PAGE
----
In cognitive psychology, memory is the faculty of the mind whose function is to record, store and recall information. But it’s fallible, accommodating, faced with an unstable or crazy environment, it transforms the facts so that events become assimilable by our psyche. Taking the atrocious example of the attacks in Paris, the November 13th, 2015, the madness of these events is so far beyond what our brain can assimilate, that it blocks or filters images and certain information.
Each person is different, each brain will block different information. What is true for extreme facts, is also true for our childhood or our adult life. Our memory embellishes, keeps, or passes over in silence, transforms, or even completely suppresses certain events or emotions.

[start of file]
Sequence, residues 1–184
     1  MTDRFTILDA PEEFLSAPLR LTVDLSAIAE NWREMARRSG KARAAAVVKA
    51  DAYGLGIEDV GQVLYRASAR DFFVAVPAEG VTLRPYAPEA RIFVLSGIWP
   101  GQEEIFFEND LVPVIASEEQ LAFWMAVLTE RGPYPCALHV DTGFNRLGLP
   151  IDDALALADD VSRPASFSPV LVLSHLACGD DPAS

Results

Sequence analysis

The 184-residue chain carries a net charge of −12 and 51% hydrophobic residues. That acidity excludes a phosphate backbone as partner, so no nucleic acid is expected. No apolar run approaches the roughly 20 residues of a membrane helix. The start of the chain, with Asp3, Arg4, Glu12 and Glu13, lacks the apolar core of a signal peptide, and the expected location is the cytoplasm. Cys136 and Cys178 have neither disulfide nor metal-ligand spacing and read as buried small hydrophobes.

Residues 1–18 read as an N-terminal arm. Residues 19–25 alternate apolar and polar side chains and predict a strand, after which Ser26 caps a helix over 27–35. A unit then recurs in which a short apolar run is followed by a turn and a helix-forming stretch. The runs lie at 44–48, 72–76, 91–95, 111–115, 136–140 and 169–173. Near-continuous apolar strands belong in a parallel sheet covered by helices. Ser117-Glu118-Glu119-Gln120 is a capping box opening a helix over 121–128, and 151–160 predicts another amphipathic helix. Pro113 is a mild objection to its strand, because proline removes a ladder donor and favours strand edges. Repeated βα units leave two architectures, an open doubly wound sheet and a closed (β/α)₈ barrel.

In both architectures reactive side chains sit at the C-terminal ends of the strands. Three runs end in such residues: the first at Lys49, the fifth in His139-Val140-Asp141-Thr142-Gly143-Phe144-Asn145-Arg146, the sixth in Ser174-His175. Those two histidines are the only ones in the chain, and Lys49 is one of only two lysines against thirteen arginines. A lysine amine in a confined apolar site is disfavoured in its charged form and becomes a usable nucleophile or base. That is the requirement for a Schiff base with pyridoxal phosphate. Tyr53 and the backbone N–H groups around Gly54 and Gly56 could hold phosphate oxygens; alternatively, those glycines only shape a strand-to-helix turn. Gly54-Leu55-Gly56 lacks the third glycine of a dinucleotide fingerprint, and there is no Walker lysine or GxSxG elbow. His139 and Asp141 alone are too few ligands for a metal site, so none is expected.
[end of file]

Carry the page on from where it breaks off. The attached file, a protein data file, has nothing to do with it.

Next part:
There are several types of memories that localize and interact in different parts of the brain: like the hippocampus and the amygdala and many others. In long-term memory, there are declarative (or explicit, which concerns the storage and retrieval of memories that a person can make appear consciously, and then relate this memory through speech) and non-declarative (or implicit, or procedural, which is not directly accessible to the consciousness). These are memories concerning associations, and know-how.
• Movement memory: riding a bicycle.
• The memory of the facts: Catherine de Medici died on January 5, 1589, in Blois (France).
• Episodic memory: I broke my right arm at 10 years old, playing with my dog.
• Sensory memory
• Working memory
• Eidetic (or photographic) memory